Honest Writing by Allison Symes

With the exception of one blog post for Chandler’s Ford Today and briefly here, I’m not planning to write about coronavirus. I am one of those writers and readers who, when trouble strikes, looks for comfort or light relief (or  both) so I turn to Terry Pratchett and P.G. Wodehouse to make me laugh. And when I just want to smile because it is irony I’m after I return to a certain Miss Austen.

Wherever your stories are set, readers should be able to understand what drives your characters. Pixabay

There is a place of course for writing about what is going on around us but I know it isn’t for me. If I have any mission with my writing, it is to try to entertain others. We all need somewhere to escape when life gets too much and for me that has always been in three worlds:  stories (reading and writing them), music (especially classical), and chocolate.

What all characters should have. Pixabay image.

I believe I have to be true to myself when I write. I won’t force myself to write anything that isn’t me. For one thing, I think others will see right through it. It is my voice I want to get across and I have to write to that.

For me then, honest writing is knowing what your strengths are and playing to them. It is seeking to engage with potential readers who are likely to be receptive to what you produce. With the writer’s hat on, honest writing is all about honest character portrayal. Cromwell famously wanted his portrait done “warts and all” and we must do that for our characters.

What reactions will your characters generate in your readers? Pixabay

Nobody is going to believe someone who is too good. Out of the four girls in Louisa May Alcott’s Little Women, I found saintly Beth too good to be true. When her illness started to affect how she reacted to those around her, I engaged with her character so much more. A tired Beth, a Beth who was struggling to cope - all of that was far more interesting.

A character who is only wicked will come across as a caricature. Your villains must have good reasons for being the way they are. Nobody says you or your readers have to agree with those reasons but a reader should be able to see where your people are coming from when it comes to their attitudes and resulting behaviour.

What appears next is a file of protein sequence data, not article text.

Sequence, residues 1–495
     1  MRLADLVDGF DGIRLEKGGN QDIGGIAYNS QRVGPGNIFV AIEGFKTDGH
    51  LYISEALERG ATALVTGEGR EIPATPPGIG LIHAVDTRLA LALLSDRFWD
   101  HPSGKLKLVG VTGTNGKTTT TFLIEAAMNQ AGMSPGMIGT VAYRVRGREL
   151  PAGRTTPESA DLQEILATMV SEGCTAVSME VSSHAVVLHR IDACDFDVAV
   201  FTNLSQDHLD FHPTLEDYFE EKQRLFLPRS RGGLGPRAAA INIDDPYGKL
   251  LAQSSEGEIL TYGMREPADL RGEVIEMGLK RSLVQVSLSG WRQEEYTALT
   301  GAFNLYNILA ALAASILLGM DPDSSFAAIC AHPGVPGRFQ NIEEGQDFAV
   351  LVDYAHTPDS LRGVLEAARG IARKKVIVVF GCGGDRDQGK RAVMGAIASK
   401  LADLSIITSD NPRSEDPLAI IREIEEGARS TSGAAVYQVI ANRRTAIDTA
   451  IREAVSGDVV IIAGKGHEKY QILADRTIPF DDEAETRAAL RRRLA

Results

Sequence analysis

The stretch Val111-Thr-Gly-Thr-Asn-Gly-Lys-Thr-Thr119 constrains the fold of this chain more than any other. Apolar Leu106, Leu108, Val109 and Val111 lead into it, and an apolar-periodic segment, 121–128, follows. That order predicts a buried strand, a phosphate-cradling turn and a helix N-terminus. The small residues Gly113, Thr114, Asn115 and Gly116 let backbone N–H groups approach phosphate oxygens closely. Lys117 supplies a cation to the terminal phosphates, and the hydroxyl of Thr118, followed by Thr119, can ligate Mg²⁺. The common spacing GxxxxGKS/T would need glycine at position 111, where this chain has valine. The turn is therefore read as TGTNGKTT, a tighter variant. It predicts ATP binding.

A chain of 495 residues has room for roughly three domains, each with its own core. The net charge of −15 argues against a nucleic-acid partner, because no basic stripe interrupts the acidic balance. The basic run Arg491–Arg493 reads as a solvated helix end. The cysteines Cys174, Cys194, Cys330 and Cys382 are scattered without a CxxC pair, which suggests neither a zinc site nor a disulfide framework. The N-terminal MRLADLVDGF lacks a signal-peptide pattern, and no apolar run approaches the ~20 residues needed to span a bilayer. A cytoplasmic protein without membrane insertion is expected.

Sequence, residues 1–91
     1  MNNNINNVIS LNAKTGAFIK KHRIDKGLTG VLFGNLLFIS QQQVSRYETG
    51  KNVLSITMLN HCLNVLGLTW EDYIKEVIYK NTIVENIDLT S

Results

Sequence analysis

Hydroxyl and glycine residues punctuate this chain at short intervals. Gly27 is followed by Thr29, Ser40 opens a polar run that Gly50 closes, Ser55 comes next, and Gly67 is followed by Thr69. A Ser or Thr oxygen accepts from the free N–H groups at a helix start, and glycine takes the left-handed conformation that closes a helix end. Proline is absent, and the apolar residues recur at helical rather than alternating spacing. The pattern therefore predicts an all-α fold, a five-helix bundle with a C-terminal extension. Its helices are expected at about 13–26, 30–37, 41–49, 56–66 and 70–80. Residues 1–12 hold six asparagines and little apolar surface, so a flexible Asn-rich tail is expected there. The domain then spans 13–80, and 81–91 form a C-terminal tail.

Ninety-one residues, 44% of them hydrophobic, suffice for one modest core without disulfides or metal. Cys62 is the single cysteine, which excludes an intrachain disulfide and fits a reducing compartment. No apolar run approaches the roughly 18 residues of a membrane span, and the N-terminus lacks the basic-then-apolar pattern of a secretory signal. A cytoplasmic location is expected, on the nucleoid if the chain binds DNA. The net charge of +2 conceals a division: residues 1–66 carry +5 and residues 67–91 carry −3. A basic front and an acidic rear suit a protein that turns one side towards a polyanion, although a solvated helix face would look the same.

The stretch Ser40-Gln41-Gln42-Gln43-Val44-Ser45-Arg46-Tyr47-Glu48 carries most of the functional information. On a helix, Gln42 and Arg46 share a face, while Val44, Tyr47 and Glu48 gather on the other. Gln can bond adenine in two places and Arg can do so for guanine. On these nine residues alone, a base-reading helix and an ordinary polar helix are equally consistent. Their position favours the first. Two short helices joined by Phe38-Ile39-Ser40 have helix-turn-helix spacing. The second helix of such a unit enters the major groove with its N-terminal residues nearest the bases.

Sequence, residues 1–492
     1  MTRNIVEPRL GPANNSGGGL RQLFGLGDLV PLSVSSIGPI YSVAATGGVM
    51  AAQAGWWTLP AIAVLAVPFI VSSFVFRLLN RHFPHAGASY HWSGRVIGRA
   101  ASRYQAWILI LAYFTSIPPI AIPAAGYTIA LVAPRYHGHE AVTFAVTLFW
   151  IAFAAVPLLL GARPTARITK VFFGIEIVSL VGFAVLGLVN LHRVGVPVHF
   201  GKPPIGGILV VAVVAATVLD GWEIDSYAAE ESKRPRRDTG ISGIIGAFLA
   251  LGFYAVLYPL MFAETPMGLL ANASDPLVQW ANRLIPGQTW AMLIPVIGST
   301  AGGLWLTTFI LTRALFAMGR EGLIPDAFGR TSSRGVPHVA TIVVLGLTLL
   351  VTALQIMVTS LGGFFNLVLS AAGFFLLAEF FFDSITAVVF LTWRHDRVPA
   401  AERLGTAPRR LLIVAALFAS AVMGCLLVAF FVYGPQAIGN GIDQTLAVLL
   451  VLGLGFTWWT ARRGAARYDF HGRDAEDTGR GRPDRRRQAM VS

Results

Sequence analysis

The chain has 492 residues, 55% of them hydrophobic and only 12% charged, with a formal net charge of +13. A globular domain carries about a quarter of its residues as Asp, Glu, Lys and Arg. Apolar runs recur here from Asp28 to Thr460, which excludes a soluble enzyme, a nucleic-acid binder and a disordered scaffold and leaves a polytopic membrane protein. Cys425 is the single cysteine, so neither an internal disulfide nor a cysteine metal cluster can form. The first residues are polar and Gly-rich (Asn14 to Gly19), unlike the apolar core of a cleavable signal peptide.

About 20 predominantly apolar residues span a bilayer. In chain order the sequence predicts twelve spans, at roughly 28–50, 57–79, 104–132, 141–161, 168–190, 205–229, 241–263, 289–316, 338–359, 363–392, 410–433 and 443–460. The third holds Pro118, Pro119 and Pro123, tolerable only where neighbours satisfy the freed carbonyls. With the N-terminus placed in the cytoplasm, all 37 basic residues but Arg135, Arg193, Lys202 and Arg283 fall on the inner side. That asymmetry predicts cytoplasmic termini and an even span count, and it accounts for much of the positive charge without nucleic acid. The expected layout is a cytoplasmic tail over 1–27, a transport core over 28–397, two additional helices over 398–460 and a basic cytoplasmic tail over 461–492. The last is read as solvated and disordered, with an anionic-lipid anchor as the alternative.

I admit to having a soft spot for the oddball character. Pixabay.

When my characters make me react the way I planned after a period of putting the tale aside for while so I can edit it with enough distance from first writing it, then I’m pleased. The time distance has not lessened the emotional impact made by my characters and I can be fairly confident most readers would react likewise.

What you want to avoid, no matter what you write, is the “who cares” phenomenon? Whether you write stories, novels, non-fiction or poetry, you need to care about what you write and your potential reader must care too. Your characters must engage and honestly drawn ones always do so.

Not much use of this - characters have to be honestly portrayed, even if they're not honest!  Pixabay.

Let’s hear it for those warts then!

Readers should be able to trust your character portrayal. Pixabay


  1. Great points, Allison. I think it takes a long time - well, it took ME a long time - to realise how important it was for characters to have depth in order to make them authentic and believable.

    1. Many thanks, Dawn and Fran. Great characters have to have depth to them. It is that readers connect with.

  2. I'm all for that, Allison! You really need to believe in the characters. That's why Miss Austen still sells shedloads today. We all know a Mrs Elton or a Mr Woodhouse (can you tell I just got round to watching the new "Emma"?)

    1. And I can think of a few odious Mr Collins types from Pride and Prejudice too!

  3. So true, Allison, thank you! When I read Little Women as a child, I really wanted to be Beth! I think I liked the drama and tragedy surrounding her death!


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